The trial consists of 1/8th of an acre with three varietals. Ivory Silo Farm will direct-seed the hemp varietals, grow out the crop, tend it, mow it, bale it and provide it to Charlotte Hamlin who will process, spin, and weave the hemp. Braun and Hamlin will each evaluate the varietals for their characteristics-- agronomic for Braun, fiber quality for Hamlin. “From this we hope to develop a small regionalized breeding population of seeds that can be shared with other farmers,” Braun explained.

“The legalization of hemp cultivation created some interesting opportunities for Southeastern Massachusetts as an historic textile region,” says Karen Schwalbe, Executive Director of SEMAP. “Early adopters of hemp cultivation have primarily focused on CBD oil but we think the opportunity for hemp fiber production has long-term potential.  We are excited to partner with the Freed Seed Federation to trial locally appropriate fiber hemp varieties to help identify successful varieties that will belong to the entire community. “

Hemp Policy in Massachusetts

Currently the greatest importer of hemp, the United States already ranks third in the world in hemp production (behind Canada and China), but due to legalization timelines, aside from Vermont, the Northeast is lagging behind in production. To help move hemp production forward in Massachusetts, NOFA/Mass is working with a coalition of sustainable hemp advocates to urge state legislators to remove barriers to growing hemp in 2019.

This work is necessary because the commonwealth’s current hemp program puts our farmers at a sharp competitive disadvantage compared to neighboring states like Vermont.  First and foremost, a major challenge for would-be hemp farmers is that hemp cultivation is currently not eligible for the agricultural tax rate. If their land is already in "chapter 61A" (decreased taxes for agricultural use), they may be required take it out of that status in order to grow a hemp crop. This gives local towns the right to purchase the land if the town wants that land. Because hemp is not covered by 61A it also cannot be grown on APR (agricultural preservation restriction) land. Hemp farmers have even been told that they cannot transport their hemp crop over a tract of APR land!

The Joint Committee on Cannabis Policy (Mass. State Legislature) is currently considering a bill which would fix these major problems, and is also considering three other important related bills, explained at the below link. Please contact your legislators and ask them to push for these bills to move ASAP. To read more about state-level hemp advocacy and to send a message to your state legislators, please visit and share our action page at

Another major hurdle for farmers is that there is currently no legal way for farmers to sell their hemp crop to customers. There is incredible demand for CBD-infused topical salves and tinctures, but farmers cannot sell these or any other hemp products at farmers’ markets. The Department of Agriculture (MDAR) has a permitting structure for growing and processing hemp, but has not yet developed or issued a license for retail sales. Please contact MDAR and ask them to issue retail licenses for hemp ASAP or - better yet - remove the requirement altogether. Farmers don’t need permits to sell herbs, flowers, or any other agricultural commodity. Why should they need one for (verified) hemp?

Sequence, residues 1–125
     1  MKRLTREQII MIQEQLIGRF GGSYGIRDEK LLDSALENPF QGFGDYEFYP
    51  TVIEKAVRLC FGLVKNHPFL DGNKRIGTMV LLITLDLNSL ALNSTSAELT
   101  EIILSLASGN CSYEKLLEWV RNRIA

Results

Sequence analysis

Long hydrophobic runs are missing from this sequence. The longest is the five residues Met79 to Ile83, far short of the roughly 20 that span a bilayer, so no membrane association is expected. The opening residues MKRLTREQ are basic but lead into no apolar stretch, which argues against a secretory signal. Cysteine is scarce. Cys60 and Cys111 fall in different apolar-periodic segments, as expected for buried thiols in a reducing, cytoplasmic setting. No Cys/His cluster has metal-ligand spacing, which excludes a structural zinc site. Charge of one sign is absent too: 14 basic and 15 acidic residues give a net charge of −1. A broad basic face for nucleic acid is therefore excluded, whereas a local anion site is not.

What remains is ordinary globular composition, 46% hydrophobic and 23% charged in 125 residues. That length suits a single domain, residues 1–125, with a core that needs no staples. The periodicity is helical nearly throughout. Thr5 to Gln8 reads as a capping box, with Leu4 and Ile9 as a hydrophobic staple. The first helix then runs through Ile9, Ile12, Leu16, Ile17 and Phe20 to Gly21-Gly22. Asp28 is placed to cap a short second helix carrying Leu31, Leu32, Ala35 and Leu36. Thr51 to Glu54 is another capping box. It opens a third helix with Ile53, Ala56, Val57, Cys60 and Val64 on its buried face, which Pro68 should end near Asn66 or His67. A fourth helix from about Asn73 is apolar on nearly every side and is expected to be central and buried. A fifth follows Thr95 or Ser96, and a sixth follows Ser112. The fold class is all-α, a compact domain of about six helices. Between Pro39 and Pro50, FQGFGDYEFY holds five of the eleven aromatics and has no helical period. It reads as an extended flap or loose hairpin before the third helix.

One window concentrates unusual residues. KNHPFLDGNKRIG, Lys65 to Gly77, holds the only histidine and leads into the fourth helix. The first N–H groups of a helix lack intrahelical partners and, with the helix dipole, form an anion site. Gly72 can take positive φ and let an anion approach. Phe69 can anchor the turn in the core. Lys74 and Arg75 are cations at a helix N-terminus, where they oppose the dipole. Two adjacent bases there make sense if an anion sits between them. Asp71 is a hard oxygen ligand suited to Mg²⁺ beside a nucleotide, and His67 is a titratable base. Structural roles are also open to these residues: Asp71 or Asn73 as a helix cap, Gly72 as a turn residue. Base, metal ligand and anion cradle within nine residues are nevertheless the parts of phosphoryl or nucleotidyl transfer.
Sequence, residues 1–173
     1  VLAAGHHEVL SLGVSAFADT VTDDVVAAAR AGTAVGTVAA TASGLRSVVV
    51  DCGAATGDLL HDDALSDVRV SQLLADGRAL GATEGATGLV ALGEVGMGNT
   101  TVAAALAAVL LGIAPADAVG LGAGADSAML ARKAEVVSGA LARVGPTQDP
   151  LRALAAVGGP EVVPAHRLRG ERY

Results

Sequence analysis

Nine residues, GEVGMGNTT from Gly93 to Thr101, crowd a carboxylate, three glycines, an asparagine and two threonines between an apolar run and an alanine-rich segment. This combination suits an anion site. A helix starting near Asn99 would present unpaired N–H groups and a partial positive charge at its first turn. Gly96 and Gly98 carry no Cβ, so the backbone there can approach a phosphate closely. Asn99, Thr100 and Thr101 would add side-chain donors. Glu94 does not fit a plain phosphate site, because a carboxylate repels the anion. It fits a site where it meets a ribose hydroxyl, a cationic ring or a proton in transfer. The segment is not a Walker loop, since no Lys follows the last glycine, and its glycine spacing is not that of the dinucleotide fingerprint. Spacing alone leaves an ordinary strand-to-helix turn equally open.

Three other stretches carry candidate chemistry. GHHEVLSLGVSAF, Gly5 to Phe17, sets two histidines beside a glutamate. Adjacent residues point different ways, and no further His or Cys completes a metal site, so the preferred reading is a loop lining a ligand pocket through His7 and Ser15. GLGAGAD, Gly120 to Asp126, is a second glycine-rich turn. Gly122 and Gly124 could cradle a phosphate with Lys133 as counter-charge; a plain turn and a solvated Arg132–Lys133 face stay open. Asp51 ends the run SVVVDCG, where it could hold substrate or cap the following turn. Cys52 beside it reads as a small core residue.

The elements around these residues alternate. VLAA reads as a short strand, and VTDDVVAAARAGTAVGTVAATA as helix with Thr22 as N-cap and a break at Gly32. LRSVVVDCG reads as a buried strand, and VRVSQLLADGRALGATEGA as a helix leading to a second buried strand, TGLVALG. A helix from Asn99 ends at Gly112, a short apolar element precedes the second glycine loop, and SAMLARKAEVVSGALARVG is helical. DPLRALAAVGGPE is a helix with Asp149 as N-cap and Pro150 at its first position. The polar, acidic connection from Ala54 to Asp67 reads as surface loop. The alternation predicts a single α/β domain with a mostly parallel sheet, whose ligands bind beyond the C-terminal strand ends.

NOFA/Mass is proud to be a founding member of the Northeast Sustainable Hemp Association, which formed after several growers met at a NOFA/Mass hemp workshop in late 2018. The Association was formed to explore sustainable regional scale collaboration on cultivation and processing of hemp under the new Farm Bill, and has helped to identify the regulatory challenges facing would-be hemp farmers in Massachusetts.  

Organic Hemp Education

Organic farmers have a potential knowledge advantage in Massachusetts, since the Massachusetts Department of Agricultural Resources currently does not register any pesticides of any kind to be used on hemp (not even OMRI-approved ones). In this context, it is an asset to have experience with and understanding of organic growing systems.  For those who want to certify their crop, Baystate Organic Certifiers is now offering certification for organic hemp.

Since 2018, NOFA/Mass has held three full-day workshops on growing hemp in the field organically, averaging 100 attendees each. Speakers have included Brendan Beer, a commercial hemp grower in Vermont, Taryn LaScola, Director of Crops & Pest Services for the Massachusetts Department of Agricultural Resources (MDAR) and Dr. Heather Darby of the University of Vermont, who researches agricultural hemp production.

On August 10, we will offer a full-day intensive at the NOFA  Summer Conference with commercial hemp grower Brendan Beer (register now). The intensive will explore many aspects of hemp cultivation and care. From genetics, transplant care, soil preparation, and fertility needs, all the way to pest and disease management, harvesting and extracting CBD oil on the farm, proper harvest windows and crop quality for a legal and marketable product.  

Also, on Sunday at the conference, Stephanie Boucher, VT-based clinical herbalist and cannabis coach will present a workshop on creating effective CBD remedies in your own home kitchen. Explore the hemp plant’s phytochemistry and extraction techniques, and learn how to accurately dose finished products. Participants will get hands-on experience making a few hemp-based herbal remedies, and get to take home their creations.

On October 19, 2019 Dr. Heather Darby and Keith Morris will come back to MA for another full-day workshop on hemp production; keep an eye on our facebook page or Events page for more details on that event.

As always, please keep your NOFA/Mass membership up to date to support our policy and advocacy work as we continue to do our part to revive the knowledge of this crop and its potential for a thriving regenerative local agricultural economy.